A building like an ambitious piece of music

In Mexico, the renowned architectural offices work predominantly for very wealthy, private clients. Due to the country's politically disadvantageous situation, the high level of corruption and nepotism, publicly financed projects that promise high-quality architecture are a rarity. The State Archives of Oaxaca are such a rarity.

A large, gold-colored volume rises from the small, colorful urban fabric just outside the center of Oaxaca. Despite its massiveness and the chosen architectural language, between brutalism, modernism and industrial architecture, the new building at the edge of the park appears surprisingly warm and inviting. Seen from the park, a camouflage effect is created in which the very present color of the surrounding earth merges with that of the large archive building.

The centuries-old documents on the history of the state of Oaxaca had previously been stored in unsuitable premises, thus the Alfredo Harp Helú Foundation was strongly advocating a new archive building. The state government offered the Las Canteras Park as a building site for a new State Archive, a convention center, sports facilities, an exhibition center and other public uses. At the invitation of the Foundation, Spanish architect Ignacio Mendaro Corsini designed a masterpiece of art: from the master plan of the entire park to the last screw of the furniture.

Cathedral of Memory

The archive that protects the historical heritage of Oaxaca is accessible from the two park facades. A considerable volume marks the main entrance hall. Next to it, a long, north-facing shed roof covers the " Researchers' Hall". In the entrance hall, two windows allow insights into the two parallel worlds of the premises: the public exhibition hall and the introverted working area of the researchers. Although the main function of the building is dedicated to archives, the building is seen as an extension of the park with protective walls for the entire population. The lower floors contain the cultural and event rooms and the upper floors provide rooms for the researchers and their restoration workshops. At the heart of the complex are seven building volumes with shelves sixteen kilometers long.

The complex is divided into different volumes, some of which are connected by eye-catching bridges. The location and size of the buildings were determined taking into account the existing tree population, topography and the earthquake statics that are essential for Oaxaca. Amidst the splendor and seriousness of the story, the courtyards, filled with silence or the laughter of playing children, are filled with plants, light and shadow. The architect also guides the visitor through the building by using daylight. The boundaries of the rooms are often barely perceptible, as the interior and exterior spaces merge seamlessly into one another.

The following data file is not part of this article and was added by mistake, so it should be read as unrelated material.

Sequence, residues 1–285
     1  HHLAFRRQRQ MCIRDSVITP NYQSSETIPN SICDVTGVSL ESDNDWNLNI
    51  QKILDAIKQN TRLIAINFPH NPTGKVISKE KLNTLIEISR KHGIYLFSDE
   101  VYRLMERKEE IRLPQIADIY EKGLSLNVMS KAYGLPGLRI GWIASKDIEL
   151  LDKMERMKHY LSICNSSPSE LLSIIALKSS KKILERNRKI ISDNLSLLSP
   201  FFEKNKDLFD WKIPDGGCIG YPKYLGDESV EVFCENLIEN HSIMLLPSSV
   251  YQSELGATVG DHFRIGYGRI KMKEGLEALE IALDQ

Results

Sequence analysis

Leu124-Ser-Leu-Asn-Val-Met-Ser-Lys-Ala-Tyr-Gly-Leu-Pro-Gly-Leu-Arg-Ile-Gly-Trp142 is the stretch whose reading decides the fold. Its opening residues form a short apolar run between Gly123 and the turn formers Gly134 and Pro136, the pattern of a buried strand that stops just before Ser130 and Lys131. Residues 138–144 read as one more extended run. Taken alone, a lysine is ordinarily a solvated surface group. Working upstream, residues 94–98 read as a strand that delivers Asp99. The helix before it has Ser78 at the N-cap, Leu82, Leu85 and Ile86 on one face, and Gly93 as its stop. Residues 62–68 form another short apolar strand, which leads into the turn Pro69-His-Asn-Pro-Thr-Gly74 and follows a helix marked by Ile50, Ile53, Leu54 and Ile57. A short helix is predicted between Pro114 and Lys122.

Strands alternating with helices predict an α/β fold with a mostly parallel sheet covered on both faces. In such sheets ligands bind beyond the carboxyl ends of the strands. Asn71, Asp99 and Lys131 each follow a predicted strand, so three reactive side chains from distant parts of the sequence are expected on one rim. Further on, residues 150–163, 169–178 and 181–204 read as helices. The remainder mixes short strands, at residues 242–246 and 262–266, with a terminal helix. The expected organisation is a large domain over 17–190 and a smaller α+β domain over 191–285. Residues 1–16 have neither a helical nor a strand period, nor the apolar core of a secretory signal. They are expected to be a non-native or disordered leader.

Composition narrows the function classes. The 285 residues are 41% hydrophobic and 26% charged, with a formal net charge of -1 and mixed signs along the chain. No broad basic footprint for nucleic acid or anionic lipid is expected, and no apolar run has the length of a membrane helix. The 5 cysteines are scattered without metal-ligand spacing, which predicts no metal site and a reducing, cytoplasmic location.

Hidden Sounds

The ochre-colored exposed concrete of the interior and exterior walls is contrasted and combined by a series of constructive elements: numerous works in black steel for window and door frames, railings, as well as an approximately eight-meter wide entrance gate whose impressive pivot system is reminiscent of bank vault doors, interior doors and furniture made of tropical wood, and finally grid-like brise soleils and sculpturally formed concrete gargoyles.

The State Archive in Oaxaca is one of those buildings that one would like to discover for hours or even days. It is like one of those pieces of music that you hear again and again in search of hidden sounds. The design is well thought-out, sophisticated and coherent despite the numerous elements and the size of the complex. The struggle of the architect and the foundation for a successful project - which is still not entirely complete - is not noticeable.


The book on the work of Ignacio Mendaro Corsini in Oaxaca can be purchased from the Mexican publisher Arquine. It contains numerous photographs and charming hand sketches by the architect. The texts are in Spanish.


This text was published in german on werk, bauen + wohnen.

© LEARNING FROM MEXICO 2019 by Laure Nashed

 Die Beiträge von «learningfrommexico» entstehen in Zusammenarbeit mit der Schweizer Architekturzeitschrift werk, bauen + wohnen.